DON CARLOS (ORIGINAL 1867 FRENCH VERSION) - Giuseppe Verdi - Bongiovanni Musica
DON CARLOS (ORIGINAL 1867 FRENCH VERSION) - Giuseppe Verdi - Bongiovanni Musica

DON CARLOS (ORIGINAL 1867 FRENCH VERSION) - Giuseppe Verdi

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DON CARLOS
Versione originale del 1867 in Francese

Don Carlos - André Turp
Philippe II - Joseph Rouleau
Rodrigue - Robert Savoie
Le Grand Inquisiteur - Richard Van Allan
Un Moine - Robert Lloyd
Elizabeth de Valois - Edith Tremblay
La Princesse Eboli - Michèle Vilma
Thibault - Gillian Knight
Le Compte de Lerme - Emile Belcourt
Un Hérault Royal - Geoffrey Shovelton
Une Voix D'En Haut - Prudence Lloyd

BBC Concert Orchestra and Singers
John Matheson

Registrazione dal vivo / live broadcast recording, BBC 1973

 


"This 1972 concert performance of Verdi’s French-language, original Don Carlos is more than complete; it contains music that was cut before the first performance and none of the revisions made after. Abbado’s and Pappano’s French recorded versions include cuts; this does not. The Verdi scholar Julian Budden prepared the edition for this historic concert, and to make a long story short, you’ll hear: a more elaborate Posa/Philippe confrontation; the mediocre ballet; the chorus of woodsmen and their meeting with Elisabeth in the Fontainebleau scene; more interesting music in the initial Carlos/Posa meeting; stunning dialogue between Elisabeth and Eboli before “O don fatal”; an ensemble made up of Philippe, Carlos, and male chorus after Posa’s death; and some extra music in the final Carlos/Elisabeth duet. Other bits are simply different from what we’ve come to know. It’s all valuable to hear, even if some of the alterations and cuts made their scenes better, tighter, or whatever. At nine minutes short of four hours, there’s a lot to get to know here.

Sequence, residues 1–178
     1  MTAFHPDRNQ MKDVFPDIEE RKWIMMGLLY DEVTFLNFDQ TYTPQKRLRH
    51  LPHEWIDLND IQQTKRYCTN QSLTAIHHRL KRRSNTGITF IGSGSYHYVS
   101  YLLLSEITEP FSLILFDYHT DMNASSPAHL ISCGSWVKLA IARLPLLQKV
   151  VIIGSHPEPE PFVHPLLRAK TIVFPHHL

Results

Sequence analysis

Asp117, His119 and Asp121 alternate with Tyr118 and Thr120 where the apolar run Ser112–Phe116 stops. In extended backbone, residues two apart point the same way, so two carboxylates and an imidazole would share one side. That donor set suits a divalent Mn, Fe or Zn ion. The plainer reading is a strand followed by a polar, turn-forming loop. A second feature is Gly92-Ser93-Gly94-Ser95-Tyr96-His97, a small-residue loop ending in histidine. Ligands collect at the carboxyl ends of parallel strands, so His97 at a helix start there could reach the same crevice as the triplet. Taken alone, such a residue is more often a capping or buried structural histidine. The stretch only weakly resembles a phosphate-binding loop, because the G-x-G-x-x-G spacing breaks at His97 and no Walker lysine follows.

The cast is fine, although I suspect that none of these singers will take the place of your favorites in the various other recordings: Caballé, Freni, Carreras, Bergonzi, Verrett, Baltsa, Ghiaurov, Christoff, Talvela, and Hvorostovsky are all irreplaceable. But here there’s not a weak link in this mainly French-speaking cast–and there are some nice surprises. (...) John Matheson’s leadership avoids any Italianate rubatos or fatty ritards; his tempos are quick and he never lets the beat flag. The major point is that this set is utterly necessary in any collection. What is excessive or “wrong” about this version is just as crucial to know as what’s absolutely right, and the performance does not disappoint. The audience must have been small, drugged, or British–they applaud politely at times. The sound is good." (Robert Levine)